• obese
  • About 32 million more Americans will become obese by 2030, upping obesity rates to 42 percent of the U.S. population, according to a new report from the U.S. Centers for Disease Control and Prevention. (yahoo.com)
  • According to Ministry of Health figures , one in every three children in New Zealand is either overweight (22%) or obese (11%), and the rate of childhood obesity has increased from 8% in 2006 to 11% in 2013. (radionz.co.nz)
  • This is also supported by the statistics of obesity, which show that adults (in the US) were becoming more obese from the 1960s, while American children only started to show weight issues from the late 1980s. (radionz.co.nz)
  • Childhood obesity tracks, says Paul Hofman, and an obese youth has a six to seven times higher risk of becoming an obese adult. (radionz.co.nz)
  • Our decision to include Bariatric/Obesity in our Diversity Awareness in Professional Nursing was a "no-brainer" given the emerging evidence that documents discrimination against overweight and obese patients when seeking health care. (nursingworld.org)
  • It is not fully understood why some obese people develop obesity hypoventilation syndrome while others do not. (wikipedia.org)
  • Abdominal obesity is not confined only to the elderly and obese subjects. (wikipedia.org)
  • The obesity paradox (excluding cholesterol paradox) was first described in 1999 in overweight and obese people undergoing hemodialysis, and has subsequently been found in those with heart failure, myocardial infarction, acute coronary syndrome, older nursing home residents, and chronic obstructive pulmonary disease (COPD). (wikipedia.org)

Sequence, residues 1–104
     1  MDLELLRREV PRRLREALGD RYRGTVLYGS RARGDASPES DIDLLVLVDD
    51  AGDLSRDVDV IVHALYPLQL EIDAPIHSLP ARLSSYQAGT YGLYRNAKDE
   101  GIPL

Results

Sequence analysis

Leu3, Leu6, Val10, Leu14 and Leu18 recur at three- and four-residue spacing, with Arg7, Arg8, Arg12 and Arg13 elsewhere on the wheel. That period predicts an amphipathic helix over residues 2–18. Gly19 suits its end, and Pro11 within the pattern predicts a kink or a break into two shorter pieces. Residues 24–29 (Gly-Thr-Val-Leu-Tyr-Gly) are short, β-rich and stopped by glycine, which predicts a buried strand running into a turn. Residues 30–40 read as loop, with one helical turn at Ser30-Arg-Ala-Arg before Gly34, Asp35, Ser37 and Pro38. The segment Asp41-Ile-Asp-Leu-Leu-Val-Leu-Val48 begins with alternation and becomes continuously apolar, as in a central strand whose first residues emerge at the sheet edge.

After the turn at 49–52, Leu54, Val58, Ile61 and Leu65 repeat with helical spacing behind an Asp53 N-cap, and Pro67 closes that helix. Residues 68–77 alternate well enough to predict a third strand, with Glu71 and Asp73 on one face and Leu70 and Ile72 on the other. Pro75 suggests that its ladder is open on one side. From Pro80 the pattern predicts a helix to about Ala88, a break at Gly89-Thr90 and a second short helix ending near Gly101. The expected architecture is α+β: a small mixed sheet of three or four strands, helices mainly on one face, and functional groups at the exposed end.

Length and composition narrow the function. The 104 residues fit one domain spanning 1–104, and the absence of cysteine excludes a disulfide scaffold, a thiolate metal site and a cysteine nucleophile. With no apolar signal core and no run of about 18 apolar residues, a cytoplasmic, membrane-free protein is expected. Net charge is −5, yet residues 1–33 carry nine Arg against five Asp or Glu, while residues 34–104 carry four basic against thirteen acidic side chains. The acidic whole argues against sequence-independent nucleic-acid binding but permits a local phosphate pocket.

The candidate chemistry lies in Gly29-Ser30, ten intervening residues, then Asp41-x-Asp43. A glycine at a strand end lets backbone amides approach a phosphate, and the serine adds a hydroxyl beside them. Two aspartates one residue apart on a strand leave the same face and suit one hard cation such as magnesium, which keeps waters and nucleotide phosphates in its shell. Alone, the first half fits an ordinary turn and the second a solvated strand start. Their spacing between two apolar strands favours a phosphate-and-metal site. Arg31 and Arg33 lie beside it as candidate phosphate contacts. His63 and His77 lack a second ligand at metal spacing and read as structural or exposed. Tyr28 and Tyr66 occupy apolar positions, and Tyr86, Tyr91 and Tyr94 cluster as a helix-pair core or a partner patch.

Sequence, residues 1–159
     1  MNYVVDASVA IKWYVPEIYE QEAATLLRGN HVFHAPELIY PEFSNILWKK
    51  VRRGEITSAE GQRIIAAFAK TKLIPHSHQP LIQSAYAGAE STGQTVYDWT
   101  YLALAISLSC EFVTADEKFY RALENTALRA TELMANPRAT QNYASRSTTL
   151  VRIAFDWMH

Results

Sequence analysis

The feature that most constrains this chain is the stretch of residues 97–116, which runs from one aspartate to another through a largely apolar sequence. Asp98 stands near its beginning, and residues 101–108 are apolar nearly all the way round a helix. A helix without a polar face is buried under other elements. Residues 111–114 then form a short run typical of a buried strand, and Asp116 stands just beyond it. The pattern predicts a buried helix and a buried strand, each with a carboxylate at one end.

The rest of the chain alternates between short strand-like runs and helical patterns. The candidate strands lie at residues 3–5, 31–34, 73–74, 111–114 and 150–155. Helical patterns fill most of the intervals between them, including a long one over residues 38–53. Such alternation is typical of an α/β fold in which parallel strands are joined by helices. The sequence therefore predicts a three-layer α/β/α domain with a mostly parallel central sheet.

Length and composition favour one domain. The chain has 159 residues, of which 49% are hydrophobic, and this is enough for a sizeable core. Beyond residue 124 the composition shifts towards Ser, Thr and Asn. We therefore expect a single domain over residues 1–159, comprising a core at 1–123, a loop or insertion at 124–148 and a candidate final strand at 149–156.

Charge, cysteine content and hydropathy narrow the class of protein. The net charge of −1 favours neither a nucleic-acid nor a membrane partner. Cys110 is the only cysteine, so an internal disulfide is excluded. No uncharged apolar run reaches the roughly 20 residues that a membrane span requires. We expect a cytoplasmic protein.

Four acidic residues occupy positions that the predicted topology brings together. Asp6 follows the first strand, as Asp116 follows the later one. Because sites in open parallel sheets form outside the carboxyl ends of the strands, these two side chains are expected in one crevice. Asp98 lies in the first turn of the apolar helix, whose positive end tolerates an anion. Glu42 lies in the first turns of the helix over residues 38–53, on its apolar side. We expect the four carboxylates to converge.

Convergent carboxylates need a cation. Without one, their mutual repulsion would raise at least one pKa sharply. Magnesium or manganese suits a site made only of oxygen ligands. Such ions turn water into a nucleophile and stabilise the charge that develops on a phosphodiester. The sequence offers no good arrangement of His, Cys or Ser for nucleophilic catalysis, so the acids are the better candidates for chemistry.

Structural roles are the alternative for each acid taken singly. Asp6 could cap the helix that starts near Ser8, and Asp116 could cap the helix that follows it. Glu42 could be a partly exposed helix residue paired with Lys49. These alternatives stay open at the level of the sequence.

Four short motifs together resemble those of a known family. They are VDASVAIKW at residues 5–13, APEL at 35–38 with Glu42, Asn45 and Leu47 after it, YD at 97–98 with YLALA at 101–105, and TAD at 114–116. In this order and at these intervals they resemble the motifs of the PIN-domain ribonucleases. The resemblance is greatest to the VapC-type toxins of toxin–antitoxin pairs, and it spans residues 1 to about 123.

• Leptins interaction with the hypothalamus decreases appetite, therefore a mutation in the obese gene would result in an increased appetite, leading to inevitable obesity. (wikipedia.org)
  • The risk of obesity in dogs (but not in cats) is related to whether or not their owners are obese. (wikipedia.org)
  • epidemic
  • This latest thematic series in Genes and Nutrition features invited topic reviews by leaders in the field, which focus on established and novel major determinants of the Obesity epidemic such as dietary fat, branched chain amino acids and probiotics, and gene X environment interaction, as well as gut microbiota and microRNA. (biomedcentral.com)
  • Given the growing epidemic of obesity in the United States and the costs to individual health status and the healthcare system, it is our belief that clinical support for professional nurses in this area is timely and needed. (nursingworld.org)
  • Overcoming the childhood obesity epidemic will require changes on the scale of a social movement similar to the shift in attitudes and regulations toward smoking and tobacco. (rwjf.org)
  • Are physicians equipped to address the obesity epidemic? (wikipedia.org)
  • However, it was not until the 20th century that obesity became common - so much so that, in 1997, the World Health Organization (WHO) formally recognized obesity as a global epidemic. (wikipedia.org)
  • Obesity has reached epidemic proportions in India in the 21st century, with morbid obesity affecting 5% of the country's population. (wikipedia.org)
  • With people moving into urban centers and wealth increasing, concerns about an obesity epidemic in India are growing. (wikipedia.org)
  • 2017